Washington, D.C.- Just minutes after the Ferguson Grand Jury announcement decision was read, a spontaneous protest gathered at the African American Civil War Memorial. Students marched from Howard University to express shock and dismay at the Grand Jury decision, but protesters also arrived from all parts of the city and as far away as Maryland and Virginia. They carried had made signs saying, “3/5 of A Man,” “Justice For Mike Brown” and “Am I Next?” They paused at the famed Civil War Memorial for a brief period while the police looked on.
D.C. police kept their distance from the boisterous protest, closing traffic and staying far back as the angry crowd grew. Local residents joined the march as it rounded U Street and onto 16th Street on route the White House. As it reached Lafayette Square, next to the President’s home, it had grown to over 1000 participants. The protest was non-violent with no arrests and consisted of many young Black men and women but was also composed of Caucasians and other demographics.
Once there, protesters demanded justice, shouting towards the White House, “Justice for, Mike Brown” and “Justice Delayed is Justice Denied.” No lights were visible from windows of the president’s quiet residence–in fact the blinds were closed towards the building furry unfolding on Pennsylvania Avenue. Hundreds of protesters continued pouring into Lafayette Park, adding tension to it, long after the main surge arrived there.
After 11 pm protesters left for Chinatown, shutting streets and blocking intersections as increasing rage percolated through the march. There was no violence, or arrests reported and by 1:00 am, the protests had dispersed towards Union Station.
Kymone Freeman, with We Act Radio believes the Ferguson process was “another circus in the courts,” he expressed doubts the justice system was capable of returning a decision to indict Police Officer Wilson. Our justice system is “upside down’ and “heavy handed on us,” he said. “Anyone with knowledge of history knew what the decision would be.” He said also he could not find a “single case of a White police officer convicted of murder while on duty of a Black or Brown person.”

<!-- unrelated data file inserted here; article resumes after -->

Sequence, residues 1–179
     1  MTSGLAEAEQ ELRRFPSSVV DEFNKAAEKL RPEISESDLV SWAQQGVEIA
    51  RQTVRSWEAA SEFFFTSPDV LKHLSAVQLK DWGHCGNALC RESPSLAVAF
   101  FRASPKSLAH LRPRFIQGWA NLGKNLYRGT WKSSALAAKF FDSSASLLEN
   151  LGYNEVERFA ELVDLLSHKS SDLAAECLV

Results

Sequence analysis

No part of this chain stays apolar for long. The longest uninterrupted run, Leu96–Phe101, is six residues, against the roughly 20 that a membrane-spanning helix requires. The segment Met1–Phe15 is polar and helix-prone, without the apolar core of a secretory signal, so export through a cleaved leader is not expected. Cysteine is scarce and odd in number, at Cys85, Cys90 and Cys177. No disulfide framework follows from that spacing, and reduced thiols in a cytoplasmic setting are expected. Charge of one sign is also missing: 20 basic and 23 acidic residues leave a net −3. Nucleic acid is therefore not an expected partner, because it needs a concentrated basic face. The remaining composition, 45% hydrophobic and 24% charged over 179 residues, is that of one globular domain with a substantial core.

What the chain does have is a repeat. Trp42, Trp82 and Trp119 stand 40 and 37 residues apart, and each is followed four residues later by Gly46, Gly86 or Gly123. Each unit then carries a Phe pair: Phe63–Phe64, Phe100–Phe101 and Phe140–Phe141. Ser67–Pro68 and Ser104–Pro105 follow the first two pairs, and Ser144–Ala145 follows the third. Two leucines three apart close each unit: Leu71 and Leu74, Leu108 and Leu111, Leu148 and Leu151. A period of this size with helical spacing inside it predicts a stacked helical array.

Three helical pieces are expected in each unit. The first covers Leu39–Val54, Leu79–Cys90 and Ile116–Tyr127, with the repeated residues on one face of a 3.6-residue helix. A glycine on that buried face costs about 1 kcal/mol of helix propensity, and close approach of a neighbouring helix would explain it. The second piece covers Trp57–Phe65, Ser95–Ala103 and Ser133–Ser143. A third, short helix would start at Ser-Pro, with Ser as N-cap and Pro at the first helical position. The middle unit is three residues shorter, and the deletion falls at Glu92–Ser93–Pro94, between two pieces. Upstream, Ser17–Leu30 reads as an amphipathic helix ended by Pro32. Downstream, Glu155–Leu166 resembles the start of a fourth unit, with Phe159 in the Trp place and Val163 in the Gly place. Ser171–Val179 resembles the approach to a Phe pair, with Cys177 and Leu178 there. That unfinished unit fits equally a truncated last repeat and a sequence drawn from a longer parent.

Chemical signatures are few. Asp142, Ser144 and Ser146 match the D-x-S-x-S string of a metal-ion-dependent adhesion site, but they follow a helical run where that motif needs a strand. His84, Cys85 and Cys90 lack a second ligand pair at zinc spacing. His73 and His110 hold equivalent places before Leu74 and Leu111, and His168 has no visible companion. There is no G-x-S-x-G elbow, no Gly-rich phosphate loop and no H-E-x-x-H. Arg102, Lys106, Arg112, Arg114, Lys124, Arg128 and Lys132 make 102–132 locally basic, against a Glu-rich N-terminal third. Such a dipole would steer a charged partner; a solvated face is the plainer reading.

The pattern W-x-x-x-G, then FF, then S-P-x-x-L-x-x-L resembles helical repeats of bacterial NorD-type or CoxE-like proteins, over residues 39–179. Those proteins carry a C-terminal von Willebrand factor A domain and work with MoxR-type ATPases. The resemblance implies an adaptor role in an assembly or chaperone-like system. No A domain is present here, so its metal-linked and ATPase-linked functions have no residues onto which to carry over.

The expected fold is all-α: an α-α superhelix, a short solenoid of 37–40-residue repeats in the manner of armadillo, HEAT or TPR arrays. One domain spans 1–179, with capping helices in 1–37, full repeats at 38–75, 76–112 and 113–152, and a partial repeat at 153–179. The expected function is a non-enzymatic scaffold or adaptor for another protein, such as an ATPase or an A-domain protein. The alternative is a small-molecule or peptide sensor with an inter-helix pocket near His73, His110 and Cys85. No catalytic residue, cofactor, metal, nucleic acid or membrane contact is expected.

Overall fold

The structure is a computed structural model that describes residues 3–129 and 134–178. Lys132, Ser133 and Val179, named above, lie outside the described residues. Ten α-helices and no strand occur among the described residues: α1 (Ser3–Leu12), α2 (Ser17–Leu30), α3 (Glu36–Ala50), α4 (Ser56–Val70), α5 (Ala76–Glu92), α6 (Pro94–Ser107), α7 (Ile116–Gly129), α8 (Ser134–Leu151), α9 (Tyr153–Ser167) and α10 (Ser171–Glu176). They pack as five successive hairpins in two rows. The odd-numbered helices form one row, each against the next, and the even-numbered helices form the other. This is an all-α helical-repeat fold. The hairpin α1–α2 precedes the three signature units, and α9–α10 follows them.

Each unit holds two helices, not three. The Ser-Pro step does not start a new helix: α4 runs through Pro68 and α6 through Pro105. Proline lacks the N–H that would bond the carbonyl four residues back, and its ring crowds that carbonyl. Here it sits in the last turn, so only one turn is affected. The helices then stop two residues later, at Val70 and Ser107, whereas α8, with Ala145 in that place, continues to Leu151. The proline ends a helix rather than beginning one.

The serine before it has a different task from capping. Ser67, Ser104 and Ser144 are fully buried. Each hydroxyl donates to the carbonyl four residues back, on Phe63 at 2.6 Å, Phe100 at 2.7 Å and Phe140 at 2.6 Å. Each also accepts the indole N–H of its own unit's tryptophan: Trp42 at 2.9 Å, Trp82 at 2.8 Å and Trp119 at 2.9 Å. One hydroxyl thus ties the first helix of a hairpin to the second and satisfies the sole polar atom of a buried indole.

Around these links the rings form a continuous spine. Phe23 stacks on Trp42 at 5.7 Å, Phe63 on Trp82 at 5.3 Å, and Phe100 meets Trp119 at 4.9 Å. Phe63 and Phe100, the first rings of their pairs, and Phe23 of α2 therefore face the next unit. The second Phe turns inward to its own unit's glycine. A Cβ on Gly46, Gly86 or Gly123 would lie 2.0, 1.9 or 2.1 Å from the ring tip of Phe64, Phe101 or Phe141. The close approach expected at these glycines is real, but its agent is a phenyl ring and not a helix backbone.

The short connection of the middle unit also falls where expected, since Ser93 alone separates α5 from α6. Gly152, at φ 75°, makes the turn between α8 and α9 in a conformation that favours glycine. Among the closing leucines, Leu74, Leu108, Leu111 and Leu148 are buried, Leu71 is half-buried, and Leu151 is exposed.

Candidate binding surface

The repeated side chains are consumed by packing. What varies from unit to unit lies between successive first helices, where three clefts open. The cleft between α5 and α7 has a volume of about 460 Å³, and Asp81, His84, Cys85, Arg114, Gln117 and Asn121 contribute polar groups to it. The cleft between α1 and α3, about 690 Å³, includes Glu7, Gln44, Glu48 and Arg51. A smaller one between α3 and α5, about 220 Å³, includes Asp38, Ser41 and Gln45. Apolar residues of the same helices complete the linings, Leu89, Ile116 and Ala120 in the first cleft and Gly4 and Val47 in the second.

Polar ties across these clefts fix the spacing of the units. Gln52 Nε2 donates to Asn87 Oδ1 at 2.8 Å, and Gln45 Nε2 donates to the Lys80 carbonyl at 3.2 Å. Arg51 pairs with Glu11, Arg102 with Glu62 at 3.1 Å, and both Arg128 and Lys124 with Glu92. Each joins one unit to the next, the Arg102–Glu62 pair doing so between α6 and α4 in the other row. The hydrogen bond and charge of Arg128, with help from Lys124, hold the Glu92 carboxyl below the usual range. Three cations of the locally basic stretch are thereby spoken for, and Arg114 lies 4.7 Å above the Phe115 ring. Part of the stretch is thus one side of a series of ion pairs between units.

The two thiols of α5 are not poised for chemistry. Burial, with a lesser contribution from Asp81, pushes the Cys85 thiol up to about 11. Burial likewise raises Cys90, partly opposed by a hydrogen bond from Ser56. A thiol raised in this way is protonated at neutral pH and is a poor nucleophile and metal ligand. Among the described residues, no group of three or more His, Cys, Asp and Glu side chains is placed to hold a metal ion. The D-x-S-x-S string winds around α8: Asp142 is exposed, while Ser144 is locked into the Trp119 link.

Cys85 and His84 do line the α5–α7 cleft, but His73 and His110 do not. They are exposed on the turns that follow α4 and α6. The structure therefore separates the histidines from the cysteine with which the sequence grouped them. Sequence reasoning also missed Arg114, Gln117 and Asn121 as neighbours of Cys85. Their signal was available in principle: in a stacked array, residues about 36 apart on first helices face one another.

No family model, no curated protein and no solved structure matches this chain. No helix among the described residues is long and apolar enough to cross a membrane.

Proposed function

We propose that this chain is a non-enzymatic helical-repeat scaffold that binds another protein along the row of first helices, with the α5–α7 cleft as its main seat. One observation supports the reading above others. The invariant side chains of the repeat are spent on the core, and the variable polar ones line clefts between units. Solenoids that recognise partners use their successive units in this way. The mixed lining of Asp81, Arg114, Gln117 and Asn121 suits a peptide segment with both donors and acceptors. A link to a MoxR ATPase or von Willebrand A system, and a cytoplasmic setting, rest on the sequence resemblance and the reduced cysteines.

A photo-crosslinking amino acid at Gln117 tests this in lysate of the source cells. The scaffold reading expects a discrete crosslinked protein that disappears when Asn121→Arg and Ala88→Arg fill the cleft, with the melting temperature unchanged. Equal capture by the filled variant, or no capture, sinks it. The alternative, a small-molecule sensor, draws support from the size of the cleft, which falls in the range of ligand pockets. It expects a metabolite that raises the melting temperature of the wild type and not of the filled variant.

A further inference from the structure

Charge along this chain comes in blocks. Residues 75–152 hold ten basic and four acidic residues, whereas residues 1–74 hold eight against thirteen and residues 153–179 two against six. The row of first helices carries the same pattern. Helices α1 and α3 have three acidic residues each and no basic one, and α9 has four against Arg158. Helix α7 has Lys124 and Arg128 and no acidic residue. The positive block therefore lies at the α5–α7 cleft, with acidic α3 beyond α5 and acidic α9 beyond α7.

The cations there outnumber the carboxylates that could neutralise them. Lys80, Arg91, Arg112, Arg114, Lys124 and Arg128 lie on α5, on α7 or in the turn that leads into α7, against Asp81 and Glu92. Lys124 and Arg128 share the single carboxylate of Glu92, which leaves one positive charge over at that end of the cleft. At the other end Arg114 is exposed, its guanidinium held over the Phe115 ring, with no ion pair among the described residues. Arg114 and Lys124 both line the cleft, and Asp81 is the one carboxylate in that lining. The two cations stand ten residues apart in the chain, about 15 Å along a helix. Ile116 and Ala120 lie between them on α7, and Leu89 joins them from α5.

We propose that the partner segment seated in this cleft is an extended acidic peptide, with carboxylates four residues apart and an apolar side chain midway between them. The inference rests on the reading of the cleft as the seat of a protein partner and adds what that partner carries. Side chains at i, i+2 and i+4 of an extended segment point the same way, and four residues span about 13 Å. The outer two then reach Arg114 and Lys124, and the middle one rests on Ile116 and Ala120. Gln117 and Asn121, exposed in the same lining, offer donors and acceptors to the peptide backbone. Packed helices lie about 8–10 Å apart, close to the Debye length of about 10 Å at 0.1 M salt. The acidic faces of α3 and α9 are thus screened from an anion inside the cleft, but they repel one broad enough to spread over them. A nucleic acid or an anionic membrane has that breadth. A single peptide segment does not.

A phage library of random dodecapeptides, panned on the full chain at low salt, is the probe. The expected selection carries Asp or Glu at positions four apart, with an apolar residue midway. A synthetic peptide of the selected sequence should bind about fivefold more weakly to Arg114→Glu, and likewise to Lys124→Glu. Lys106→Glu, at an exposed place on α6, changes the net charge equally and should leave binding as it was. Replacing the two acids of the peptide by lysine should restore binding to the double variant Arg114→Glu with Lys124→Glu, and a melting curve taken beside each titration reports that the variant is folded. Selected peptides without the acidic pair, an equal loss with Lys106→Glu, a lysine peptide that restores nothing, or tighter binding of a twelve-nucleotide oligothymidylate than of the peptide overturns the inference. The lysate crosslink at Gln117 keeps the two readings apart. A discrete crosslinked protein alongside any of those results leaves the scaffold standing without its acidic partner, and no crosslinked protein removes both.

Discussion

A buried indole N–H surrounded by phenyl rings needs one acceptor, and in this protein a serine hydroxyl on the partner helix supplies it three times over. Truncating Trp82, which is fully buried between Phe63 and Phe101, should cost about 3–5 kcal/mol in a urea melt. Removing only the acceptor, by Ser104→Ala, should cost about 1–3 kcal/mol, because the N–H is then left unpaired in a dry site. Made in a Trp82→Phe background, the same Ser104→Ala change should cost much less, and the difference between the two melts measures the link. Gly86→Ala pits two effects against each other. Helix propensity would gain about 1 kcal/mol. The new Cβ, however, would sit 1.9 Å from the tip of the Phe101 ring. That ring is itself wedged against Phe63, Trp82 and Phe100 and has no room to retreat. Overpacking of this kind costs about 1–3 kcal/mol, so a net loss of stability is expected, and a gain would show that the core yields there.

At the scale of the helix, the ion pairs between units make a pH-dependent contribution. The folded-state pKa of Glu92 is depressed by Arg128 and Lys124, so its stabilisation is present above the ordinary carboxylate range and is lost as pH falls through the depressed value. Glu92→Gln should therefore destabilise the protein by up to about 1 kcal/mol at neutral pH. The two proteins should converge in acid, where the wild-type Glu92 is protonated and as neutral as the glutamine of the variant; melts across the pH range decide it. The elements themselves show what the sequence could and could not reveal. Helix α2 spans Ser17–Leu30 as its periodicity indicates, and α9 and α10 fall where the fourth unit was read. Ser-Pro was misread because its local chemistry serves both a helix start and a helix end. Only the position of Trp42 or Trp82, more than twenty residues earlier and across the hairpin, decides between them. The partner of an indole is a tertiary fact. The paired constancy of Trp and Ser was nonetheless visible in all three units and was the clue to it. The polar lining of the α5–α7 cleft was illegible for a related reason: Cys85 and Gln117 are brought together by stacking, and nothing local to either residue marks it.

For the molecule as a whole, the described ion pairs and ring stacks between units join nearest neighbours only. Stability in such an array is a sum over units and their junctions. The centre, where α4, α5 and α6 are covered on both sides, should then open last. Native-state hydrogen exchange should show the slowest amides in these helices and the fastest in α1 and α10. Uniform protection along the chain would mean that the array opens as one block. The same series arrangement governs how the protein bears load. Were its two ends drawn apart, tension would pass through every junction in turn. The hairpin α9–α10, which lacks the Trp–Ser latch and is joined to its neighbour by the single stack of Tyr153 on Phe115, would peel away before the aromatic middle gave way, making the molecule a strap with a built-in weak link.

Freeman suggests the only way to change policing in the US is a radical shift in police oversight by citizen review boards and demilitarization of police. He also said that police would have to come from the communities
where they are assigned to police. “We won’t see anything different because we haven’t done anything different he said.”
Sympathy protests will continue in Washington, D.C. later Tuesday night as a rally that was planned weeks ago will gather at Mt. Vernon Square NW, and is expected to draw 1000s.
@DCMediaGroup Ferguson protest coverage will continue this week: Follow: Rob Brune @Rousseau_ist (DC), James Woods @JamesFTInternet (NYC), and John Zangas
@johnzangas (DC) and Keith Wrightson @OrganizerX (DC), for live coverage.